Inspired by the NEH’s former Bridging Cultures initiative, this proposed conference brings scholars from Asia and the West into a direct conversation about the way that the classical Chinese written language has contributed to the shaping of cultural identities in the so-called Sinosphere (China, Japan, Korea and Vietnam). For hundreds of years, the culture groups in this broad geopolitical area of Asia shared a great many political and social values, religious beliefs, and artistic and literary traditions. These common cultural features were recorded and transmitted in the same basic written language—classical or literary Chinese (known as guwen/wenyan in China, Kanbun in Japan, Hanmun in Korea, and Hán văn in Vietnam). The umbrella term for this common language is “the literary Sinitic”—a term designed to recognize the fact that although guwen/wenyan originally developed in China, it had a vibrant life of its own in other areas of East Asia. This huge but understudied body of written documents offers us extraordinarily rich resources for examining issues of cultural continuity and change in this important region of the world. Unfortunately, after the political and social turmoil in East Asia during the late 19th and early 20th centuries, which caused all four cultures to abandon their use of the literary Sinitic, these important documents have been largely ignored, leaving a substantial gap in our understanding of the relationship between the histories and cultures of East Asia.

Past studies of these documents, on the few occasions when they have been undertaken, have generally adopted a China-centered approach, treating the three other countries of East Asia as lesser versions of China, downplaying their own unique histories and ignoring the diverse and manifold cultural consequences of their individual use of the literary Sinitic. Another problem has been that studies of East Asia in modern times have tended to view the historical interactions between China, Japan, Korea and Vietnam within the framework of certain dominant Western methodologies, particularly the simplistic “impact-response” model, rather than seeing these complex interactions on their own terms, as they developed across space and over time. Our preliminary research strongly suggests the need to break down the longstanding dichotomies that have been established in prior scholarship between center and margins, self and “other,” empire and tributary states, “civilization” and “barbarism,” and so forth. Instead, we will view each culture and each state on equal terms. When seen in this way, documents written in literary Sinitic can no longer be considered simply as the extended products of Chinese culture; rather, they become—as they have always been, in fact—the products of a complex, sophisticated and continuous process of cultural interaction, exchange, and transformation. The term Sinosphere, then, refers only to the shared use of Sinitic; it does not privilege China in any way.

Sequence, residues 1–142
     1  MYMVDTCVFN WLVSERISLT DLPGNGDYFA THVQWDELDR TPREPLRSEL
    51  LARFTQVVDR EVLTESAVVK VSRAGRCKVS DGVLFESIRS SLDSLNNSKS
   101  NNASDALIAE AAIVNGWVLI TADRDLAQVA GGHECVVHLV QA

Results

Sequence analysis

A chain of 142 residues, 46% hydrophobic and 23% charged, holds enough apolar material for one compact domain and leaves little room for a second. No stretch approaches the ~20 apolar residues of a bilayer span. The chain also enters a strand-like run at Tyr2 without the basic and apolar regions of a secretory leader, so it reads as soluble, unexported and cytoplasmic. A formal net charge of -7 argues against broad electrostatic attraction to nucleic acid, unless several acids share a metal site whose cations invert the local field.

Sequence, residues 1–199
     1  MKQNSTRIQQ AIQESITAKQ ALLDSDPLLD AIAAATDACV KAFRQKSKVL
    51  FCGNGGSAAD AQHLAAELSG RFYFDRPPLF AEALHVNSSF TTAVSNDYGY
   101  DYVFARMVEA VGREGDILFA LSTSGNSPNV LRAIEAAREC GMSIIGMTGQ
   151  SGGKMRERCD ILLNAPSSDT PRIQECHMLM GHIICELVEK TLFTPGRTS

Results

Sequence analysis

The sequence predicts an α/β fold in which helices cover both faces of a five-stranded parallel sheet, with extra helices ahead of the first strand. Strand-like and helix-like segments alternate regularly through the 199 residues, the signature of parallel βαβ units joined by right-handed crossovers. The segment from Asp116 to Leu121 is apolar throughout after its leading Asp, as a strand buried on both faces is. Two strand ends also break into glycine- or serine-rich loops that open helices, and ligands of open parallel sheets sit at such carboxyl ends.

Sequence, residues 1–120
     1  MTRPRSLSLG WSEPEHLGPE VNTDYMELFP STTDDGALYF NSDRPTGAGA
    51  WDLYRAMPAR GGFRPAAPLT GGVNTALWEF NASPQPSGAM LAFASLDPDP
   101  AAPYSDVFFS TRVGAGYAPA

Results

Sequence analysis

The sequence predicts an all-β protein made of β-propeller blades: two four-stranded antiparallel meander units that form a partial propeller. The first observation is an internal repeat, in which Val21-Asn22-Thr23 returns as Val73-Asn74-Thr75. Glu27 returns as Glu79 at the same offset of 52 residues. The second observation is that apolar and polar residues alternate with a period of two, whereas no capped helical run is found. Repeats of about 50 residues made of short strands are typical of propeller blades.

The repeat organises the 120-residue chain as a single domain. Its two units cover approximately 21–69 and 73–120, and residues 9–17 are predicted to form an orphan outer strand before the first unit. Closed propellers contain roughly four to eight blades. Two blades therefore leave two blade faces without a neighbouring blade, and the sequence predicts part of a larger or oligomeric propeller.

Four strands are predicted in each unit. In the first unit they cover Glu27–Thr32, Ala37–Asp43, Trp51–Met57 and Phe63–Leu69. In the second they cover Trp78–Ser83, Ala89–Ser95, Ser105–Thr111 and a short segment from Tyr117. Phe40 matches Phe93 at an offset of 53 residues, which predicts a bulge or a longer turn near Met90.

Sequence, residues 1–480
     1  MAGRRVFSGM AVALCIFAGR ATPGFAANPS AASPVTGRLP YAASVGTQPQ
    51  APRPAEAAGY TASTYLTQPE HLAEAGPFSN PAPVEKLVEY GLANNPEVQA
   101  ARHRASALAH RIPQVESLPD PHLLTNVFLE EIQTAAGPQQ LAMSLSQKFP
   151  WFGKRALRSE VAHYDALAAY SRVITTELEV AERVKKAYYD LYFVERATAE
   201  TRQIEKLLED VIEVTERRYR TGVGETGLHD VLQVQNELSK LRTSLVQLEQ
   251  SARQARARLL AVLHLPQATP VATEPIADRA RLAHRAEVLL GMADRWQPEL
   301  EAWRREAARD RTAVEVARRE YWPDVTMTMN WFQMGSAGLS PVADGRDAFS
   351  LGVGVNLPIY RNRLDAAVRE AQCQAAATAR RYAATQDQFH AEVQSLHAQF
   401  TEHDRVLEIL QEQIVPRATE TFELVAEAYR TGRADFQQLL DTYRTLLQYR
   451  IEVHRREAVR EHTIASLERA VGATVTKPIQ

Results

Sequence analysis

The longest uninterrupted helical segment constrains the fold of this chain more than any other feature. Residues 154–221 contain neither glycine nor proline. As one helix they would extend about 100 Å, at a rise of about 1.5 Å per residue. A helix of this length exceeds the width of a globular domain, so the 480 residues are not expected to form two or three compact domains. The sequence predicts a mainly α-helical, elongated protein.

In short, a close reading of this vast yet understudied body of literature will not only enhance our knowledge of the complicated process by which East Asian cultures negotiated their respective identities, but also contribute to a larger academic conversation about similar processes in other parts of the world.